Tuesday, August 07, 2012

LA PRINCESSE DE MONTPENSIER (THE PRINCESS OF MONTPENSIER)

It's by now film history that the late 1950s/early 1960s Nouvelle Vague reared its head against the bourgeois conventions of the cinéma de papa - "daddy's cinema", the conventionally bourgeois, academic filmmaking of French journeyman directors. But, much as it tried, not only did the Nouvelle Vague generation not kill it, as some of its own members ended up directing films in that spirit (the ever-sarcastic Claude Chabrol comes to mind).

     Their contemporary Bertrand Tavernier was never a full member of that generation, but his often estimable career has always veered closer to the comfortably bourgeois cinema that the Nouvelle Vague questioned. La Princesse de Montpensier, his follow-up to the ill-fated American experience of the little-seen In the Electric Mist, is precisely that sort of old-fashioned "daddy's film": a period melodrama adapted from a 17th century novel about that most French of subjects, love, "the most annoying thing in the world" as someone says at the beginning.

     At heart, it's a coming-of-age tale of romantic education for the title character, Marie de Mézières (Mélanie Thierry), the stubborn, lovely daughter of a provincial nobleman whose arranged marriage, smack dab in the middle of France's religious wars of the 16th century, throws her into the centre of a veritable maelstrom of desire. There's the fiery, smirking desire of the impetuous, dashing soldier Henri de Guise (Gaspard Ulliel); the blind jealousy of the well-meaning husband she is married to, Philippe de Montpensier (Grégoire Leprince-Ringuet); and the quiet devotion of her husband's mentor, François de Chabannes (Lambert Wilson). But Marie's choices are not hers to make, and the tragedy Mr. Tavernier is looking to underline is that of a modern woman intent on following her heart's desires in a patriarchal society where she has no freedom to choose or to behave.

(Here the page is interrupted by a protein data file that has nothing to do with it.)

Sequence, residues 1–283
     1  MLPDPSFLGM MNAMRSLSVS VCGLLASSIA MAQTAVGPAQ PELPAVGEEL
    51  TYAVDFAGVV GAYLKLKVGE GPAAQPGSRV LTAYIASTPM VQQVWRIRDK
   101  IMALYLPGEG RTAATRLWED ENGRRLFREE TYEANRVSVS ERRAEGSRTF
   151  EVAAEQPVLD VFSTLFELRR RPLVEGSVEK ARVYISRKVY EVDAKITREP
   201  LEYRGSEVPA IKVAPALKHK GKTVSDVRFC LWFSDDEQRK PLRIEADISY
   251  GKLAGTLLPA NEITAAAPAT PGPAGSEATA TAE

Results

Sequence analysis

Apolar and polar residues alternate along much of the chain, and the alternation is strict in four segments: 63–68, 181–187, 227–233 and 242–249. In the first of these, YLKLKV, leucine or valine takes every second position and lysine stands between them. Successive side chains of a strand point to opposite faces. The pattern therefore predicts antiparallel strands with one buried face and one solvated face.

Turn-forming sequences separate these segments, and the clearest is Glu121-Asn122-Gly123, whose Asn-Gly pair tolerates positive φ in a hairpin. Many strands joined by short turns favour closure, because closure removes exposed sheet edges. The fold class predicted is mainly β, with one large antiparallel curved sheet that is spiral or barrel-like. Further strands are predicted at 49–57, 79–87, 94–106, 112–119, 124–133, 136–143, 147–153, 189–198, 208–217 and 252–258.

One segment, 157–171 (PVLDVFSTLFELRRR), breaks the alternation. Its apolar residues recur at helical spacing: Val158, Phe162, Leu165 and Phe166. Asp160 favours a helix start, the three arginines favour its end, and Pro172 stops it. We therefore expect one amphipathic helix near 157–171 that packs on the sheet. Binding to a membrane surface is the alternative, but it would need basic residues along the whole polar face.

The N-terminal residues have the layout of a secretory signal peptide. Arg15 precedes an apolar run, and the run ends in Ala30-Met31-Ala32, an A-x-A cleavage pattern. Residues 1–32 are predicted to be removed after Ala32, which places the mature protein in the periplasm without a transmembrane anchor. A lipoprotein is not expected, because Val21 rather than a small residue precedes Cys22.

The director's occasionally stodgy, non-descript yet always clear handling wouldn't be a problem if it weren't for the evident miscasting of the lovely Ms. Thierry: her porcelain beauty can't hide her inability to translate Marie's fiery passions, suggesting a more calculated and less voluble character than what the film is aiming for — a shame since the male cast is impeccable, especially the ever wondrous Mr. Wilson. Ms. Thierry's one-note performance ends up minimising a film that, for all its bourgeois, comfortable appearance, had in it the makings of a greater and more intriguing period piece.

Starring Mélanie Thierry, Lambert Wilson, Gaspard Ulliel, Grégoire Leprince-Ringuet, Raphaël Personnaz, Michel Vuillermoz, Philippe Magnan, Florence Thomassin

Director: Bertrand Tavernier
Screenplay: Jean Cosmos, François Olivier Rousseau, Mr. Tavernier, from the novella by Madame de Lafayette, La Princesse de Montpensier
Cinematography: Bruno de Keyzer (colour, widescreen)
Music: Philippe Sarde
Designer: Guy-Claude François
Costumes: Caroline de Vivaise
Editor: Sophie Brunet
Producer: Éric Heumann (Paradis Films, Studiocanal, France 2 Cinéma, France 3 Cinéma, Pandora Filmproduktion)
France/Germany, 2010, 140 minutes

Screened: distributor advance press screening, Zon Lusomundo Amoreiras VIP 1, Lisbon, July 30th 2012 


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